Several months ago, a reader asked if I had run across any traditional Mvskoke recipes.
That’s a slippery word, “traditional,” pointing back in time toward the dim corners of memory, like a flickering flashlight aimed into a very deep cave.
How far do you have to go? How old is traditional? These are tough questions in a modern world, where things are always changing, people more interested in the future than the past.
Many of us have tasted safke, eaten tafvmpuce at a wild onion dinner, or enjoyed pvrko-afke even if they’re made with Welch’s grape juice. And a few Mvskokes remember how to prepare these dishes.
Still, it’s worth asking: What is Mvskoke food?
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I found a couple of Mvskoke cookbooks on my shelves, and several more in a search of online bookstores.
The earliest is Hokti’s Recipe Book of Creek Indian Foods, written by Beulah Simms and illustrated by Ben Chaney, both Mvskokes. Chaney printed the book in his garage and published it in 1970; today, after an eclectic career in art, education, and business, he is manager of transportation planning for the Muscogee (Creek) Nation.
Hokti, you may know, is the Mvskoke word for woman. In this case, it refers to the author’s mother, who gave Simms these recipes. She was typical of the loving Mvskoke matriarchs who are “remembered with much appreciation by all those who have feasted at church gatherings, stomp dances, family get-togethers, or just plain daily living.”
Simms dedicated this book to the next generation of Mvskokes, hoping to “inspire a revival of interest in the old methods of preparing food.” Preserved here are the ingredients, utensils, and preparations used by Mvskoke cooks for generations, before the advent of “modern kitchen conveniences.”
Practicing “the old Creek Indian ways of cookery” involves handmade implements fashioned from wood and other natural materials. Hokti’s recipes are prefaced by an explanation of several such utensils.
Many of the twenty recipes collected here include corn, the native American staple that has become one of the most vital foods in the world. As Simms points out, the survival of Green Corn and other observances rooted in agriculture demonstrates the importance of both crop and ceremony in Mvskoke life.
Other ingredients listed in these recipes may be harder to find at your local grocer: sassafras root bark, wood ash lye, possum grapes, and squirrel, for example. You’ll probably have better luck if you know your way around “nature’s super market,” as Simms terms it.
Some of these recipes call for flour, eggs, pork, or beef—foods that have become common, if not necessarily healthy, elements of the modern diet. Wheat, chickens, pigs, and cattle are not native to Mvskoke country; they were domesticated in the Eastern Hemisphere and transplanted to the Americas during the past half-millennium.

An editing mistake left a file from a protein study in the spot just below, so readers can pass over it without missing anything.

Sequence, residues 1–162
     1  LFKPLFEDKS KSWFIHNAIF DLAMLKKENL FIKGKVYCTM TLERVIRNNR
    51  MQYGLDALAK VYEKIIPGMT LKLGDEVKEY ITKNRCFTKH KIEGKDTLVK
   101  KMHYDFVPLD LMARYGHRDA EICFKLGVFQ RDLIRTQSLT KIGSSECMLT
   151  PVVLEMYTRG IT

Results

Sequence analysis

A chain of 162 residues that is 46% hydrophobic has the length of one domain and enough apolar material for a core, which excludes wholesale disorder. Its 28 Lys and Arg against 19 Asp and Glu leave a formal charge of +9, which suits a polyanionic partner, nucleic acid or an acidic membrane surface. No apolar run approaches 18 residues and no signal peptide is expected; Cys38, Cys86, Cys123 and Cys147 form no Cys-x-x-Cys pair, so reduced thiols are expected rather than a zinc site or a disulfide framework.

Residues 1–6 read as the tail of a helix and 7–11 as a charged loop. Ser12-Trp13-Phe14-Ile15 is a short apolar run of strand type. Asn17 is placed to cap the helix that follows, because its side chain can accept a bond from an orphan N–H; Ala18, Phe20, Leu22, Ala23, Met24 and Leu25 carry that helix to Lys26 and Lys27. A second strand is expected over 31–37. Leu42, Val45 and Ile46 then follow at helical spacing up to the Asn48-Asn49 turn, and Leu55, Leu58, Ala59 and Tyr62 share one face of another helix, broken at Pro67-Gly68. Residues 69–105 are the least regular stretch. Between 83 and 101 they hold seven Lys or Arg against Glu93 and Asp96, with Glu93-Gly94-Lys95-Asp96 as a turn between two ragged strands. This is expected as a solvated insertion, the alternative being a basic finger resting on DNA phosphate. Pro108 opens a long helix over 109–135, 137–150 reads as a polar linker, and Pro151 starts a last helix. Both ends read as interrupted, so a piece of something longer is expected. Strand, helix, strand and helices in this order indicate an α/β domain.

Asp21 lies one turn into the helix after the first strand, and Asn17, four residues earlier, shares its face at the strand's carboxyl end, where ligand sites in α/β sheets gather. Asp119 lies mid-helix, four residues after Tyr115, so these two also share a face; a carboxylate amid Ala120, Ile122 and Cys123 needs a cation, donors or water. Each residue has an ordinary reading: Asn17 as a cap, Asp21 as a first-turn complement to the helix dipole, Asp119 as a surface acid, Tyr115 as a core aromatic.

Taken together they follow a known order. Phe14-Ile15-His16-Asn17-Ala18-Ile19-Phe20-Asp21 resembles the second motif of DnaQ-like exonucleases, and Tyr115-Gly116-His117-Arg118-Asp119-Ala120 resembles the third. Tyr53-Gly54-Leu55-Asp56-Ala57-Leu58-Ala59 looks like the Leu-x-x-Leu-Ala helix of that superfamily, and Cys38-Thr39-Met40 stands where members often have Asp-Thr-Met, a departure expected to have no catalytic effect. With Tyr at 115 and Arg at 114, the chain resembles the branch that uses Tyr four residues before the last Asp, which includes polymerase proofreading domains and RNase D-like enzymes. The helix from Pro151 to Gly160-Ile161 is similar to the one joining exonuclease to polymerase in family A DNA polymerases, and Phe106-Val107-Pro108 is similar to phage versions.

So Hokti’s Recipe Book documents Mvskoke traditions during a particular period of our history, after the onset of colonial trade but before we became hooked on grocery stores and drive-thrus.
What is Mvskoke food? There are no simple answers in a complex, modern world. But it’s worth reflecting on this question because, as the saying goes, you are what you eat.
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People around the globe are increasingly concerned about the modern food system and its effect on their health. This is the personal side of “food sovereignty,” a phrase we’ll be hearing a lot more in the future.
Fortunately, there are many in Mvskoke country who are already working to help us eat—and feel—better.
The Food Distribution Program of the Community Services Division posts monthly recipes on the MCN website. And they have partnered with the OSU Extension Center to offer an eight-week course in nutrition education, the Fresh Start Program.
The Division of Health manages the Women, Infants and Children (WIC) Supplemental Nutrition Program, which just announced a major revision of their food package to include fresh produce and whole-grain products. The Diabetes Prevention and Management Program recently sponsored the third annual MCN Diabetes Awareness Summit.
The Mvskoke Food Sovereignty Initiative in downtown Okmulgee maintains a website featuring recipes along with lots of other useful information about Mvskoke foods.
It’s never too late to start eating right, for your own sake and for the sake of those who share your table. It takes healthy citizens to make a healthy nation.
Hokti’s Recipe Book of Creek Indian Foods, by Beulah Simms and Ben Chaney